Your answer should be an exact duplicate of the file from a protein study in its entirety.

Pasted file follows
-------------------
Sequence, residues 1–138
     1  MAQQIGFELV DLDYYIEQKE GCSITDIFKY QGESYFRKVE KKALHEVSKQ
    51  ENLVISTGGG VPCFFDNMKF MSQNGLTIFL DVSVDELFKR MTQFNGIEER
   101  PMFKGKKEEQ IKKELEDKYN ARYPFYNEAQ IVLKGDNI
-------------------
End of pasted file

Sequence, residues 1–138
     1  MAQQIGFELV DLDYYIEQKE GCSITDIFKY QGESYFRKVE KKALHEVSKQ
    51  ENLVISTGGG VPCFFDNMKF MSQNGLTIFL DVSVDELFKR MTQFNGIEER
   101  PMFKGKKEEQ IKKELEDKYN ARYPFYNEAQ IVLKGDNI